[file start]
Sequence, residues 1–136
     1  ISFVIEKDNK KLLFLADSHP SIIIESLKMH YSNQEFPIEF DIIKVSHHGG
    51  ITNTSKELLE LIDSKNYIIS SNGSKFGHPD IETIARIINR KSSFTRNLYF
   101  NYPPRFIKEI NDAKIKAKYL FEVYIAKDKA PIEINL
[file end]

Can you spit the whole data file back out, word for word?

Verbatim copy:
Sequence, residues 1–136
     1  ISFVIEKDNK KLLFLADSHP SIIIESLKMH YSNQEFPIEF DIIKVSHHGG
    51  ITNTSKELLE LIDSKNYIIS SNGSKFGHPD IETIARIINR KSSFTRNLYF
   101  NYPPRFIKEI NDAKIKAKYL FEVYIAKDKA PIEINL